Editor’s Note: Yesterday began Jay Nordlinger’s series on Tom Cotton, the Republican nominee for Congress in Arkansas’s Fourth District. For that first installment, go here.
When 9/11 occurred, Cotton was in his third and final year of law school. He resolved he would join the fight. When he went to enlist, the recruiter recommended the JAG Corps — the Judge Advocate General’s Corps. This is the legal arm of the military. Cotton was, after all, a graduate of the Harvard Law School. And he had a clerkship and some private practice under his belt.
Cotton said no: He wanted to fight. He went through the Army Ranger School, and went to Iraq with the 101st Airborne. Later, he volunteered for Afghanistan, where he served another tour of duty. He was in the Army from about 2005 to 2009, leaving with the rank of captain. Among his decorations is the Bronze Star Medal.
He could tell stories of combat, as any such person could — harrowing stories. He does not strike me as the type to do so, certainly not unprompted.
‐In the summer of 2006, an unusual episode occurred: He wrote a letter to the editor of the New York Times. The letter, though not published in the Times, got attention.
Here’s what happened: Soldiers were afforded some Internet time, between long patrols. Cotton used his to catch up on the news. He discovered that the New York Times had published yet more national-security secrets, this time exposing an operation to track terrorist financing. It had been a particularly rough period for Cotton, at war, and he fired off “what may have been an intemperate letter,” as he says.
Congratulations on disclosing our government’s highly classified anti-terrorist-financing program (June 23). I apologize for not writing sooner. But I am a lieutenant in the United States Army and I spent the last four days patrolling one of the more dangerous areas in Iraq. . . .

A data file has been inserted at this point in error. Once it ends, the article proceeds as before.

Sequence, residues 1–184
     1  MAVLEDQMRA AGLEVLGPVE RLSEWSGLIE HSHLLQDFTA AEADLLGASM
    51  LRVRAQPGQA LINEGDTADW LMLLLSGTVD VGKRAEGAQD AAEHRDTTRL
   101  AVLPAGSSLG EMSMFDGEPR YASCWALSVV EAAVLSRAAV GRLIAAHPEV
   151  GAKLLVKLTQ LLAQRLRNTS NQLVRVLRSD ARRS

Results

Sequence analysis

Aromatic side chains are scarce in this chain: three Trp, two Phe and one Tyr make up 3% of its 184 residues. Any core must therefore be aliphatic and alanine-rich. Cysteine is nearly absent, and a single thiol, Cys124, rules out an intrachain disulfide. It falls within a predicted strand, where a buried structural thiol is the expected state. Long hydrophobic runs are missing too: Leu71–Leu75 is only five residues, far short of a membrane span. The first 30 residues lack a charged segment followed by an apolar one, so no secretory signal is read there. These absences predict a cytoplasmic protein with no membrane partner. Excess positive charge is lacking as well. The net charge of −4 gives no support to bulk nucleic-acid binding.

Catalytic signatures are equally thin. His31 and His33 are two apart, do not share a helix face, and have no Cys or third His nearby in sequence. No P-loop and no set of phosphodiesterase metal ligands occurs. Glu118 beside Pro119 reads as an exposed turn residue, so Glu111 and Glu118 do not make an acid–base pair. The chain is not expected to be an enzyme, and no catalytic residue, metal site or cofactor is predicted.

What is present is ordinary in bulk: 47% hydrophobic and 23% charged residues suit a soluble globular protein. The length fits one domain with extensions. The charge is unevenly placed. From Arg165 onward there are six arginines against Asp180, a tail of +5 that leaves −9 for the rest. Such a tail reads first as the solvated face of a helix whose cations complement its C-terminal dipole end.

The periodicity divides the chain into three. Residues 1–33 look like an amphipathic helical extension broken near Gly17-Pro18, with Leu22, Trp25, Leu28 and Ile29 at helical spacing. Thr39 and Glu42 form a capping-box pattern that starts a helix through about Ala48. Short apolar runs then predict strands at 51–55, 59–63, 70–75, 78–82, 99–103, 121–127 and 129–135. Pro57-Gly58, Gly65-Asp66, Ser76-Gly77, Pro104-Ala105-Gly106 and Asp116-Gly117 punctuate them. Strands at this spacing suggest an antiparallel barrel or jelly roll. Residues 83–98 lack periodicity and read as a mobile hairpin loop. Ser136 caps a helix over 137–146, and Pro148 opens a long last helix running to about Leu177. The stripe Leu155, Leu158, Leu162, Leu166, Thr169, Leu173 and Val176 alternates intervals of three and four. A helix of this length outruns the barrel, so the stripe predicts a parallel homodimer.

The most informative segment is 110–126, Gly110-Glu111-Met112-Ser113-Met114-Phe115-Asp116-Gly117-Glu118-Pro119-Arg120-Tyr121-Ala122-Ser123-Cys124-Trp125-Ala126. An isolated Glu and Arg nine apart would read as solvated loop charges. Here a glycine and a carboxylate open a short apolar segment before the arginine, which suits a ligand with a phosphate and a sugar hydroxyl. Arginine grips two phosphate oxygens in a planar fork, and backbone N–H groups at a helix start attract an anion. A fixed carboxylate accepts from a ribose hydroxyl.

Unfortunately, as I supervised my soldiers late one night, I heard a booming explosion several miles away. I learned a few hours later that a powerful roadside bomb killed one soldier and severely injured another from my 130-man company. I deeply hope that we can find and kill or capture the terrorists responsible for that bomb. But, of course, these terrorists do not spring from the soil like Plato’s guardians. No, they require financing . . . As your story states, the program was legal, briefed to Congress, supported in the government and financial industry, and very successful.
Not anymore. You may think you have done a public service, but you have gravely endangered the lives of my soldiers and all other soldiers and innocent Iraqis here. Next time I hear that familiar explosion — or next time I feel it — I will wonder whether we could have stopped that bomb had you not instructed terrorists how to evade our financial surveillance.
And, by the way, having graduated from Harvard Law and practiced with a federal appellate judge and two Washington law firms before becoming an infantry officer, I am well-versed in the espionage laws relevant to this story and others — laws you have plainly violated. I hope that my colleagues at the Department of Justice match the courage of my soldiers here and prosecute you and your newspaper to the fullest extent of the law. By the time we return home, maybe you will be in your rightful place: not at the Pulitzer announcements, but behind bars.
When Cotton sent this letter to the Times, he also copied Power Line, the conservative blog. The Times didn’t publish the letter, but Power Line did — and it shot around the Internet.
Meanwhile, Cotton was back on patrol. Another four-day patrol. When he returned to base, a private ran up to him and said, “Sir, you’ve got to go see the commander now. He is pissed.” Cotton had no idea what he had done. Nothing unusual had happened out on patrol.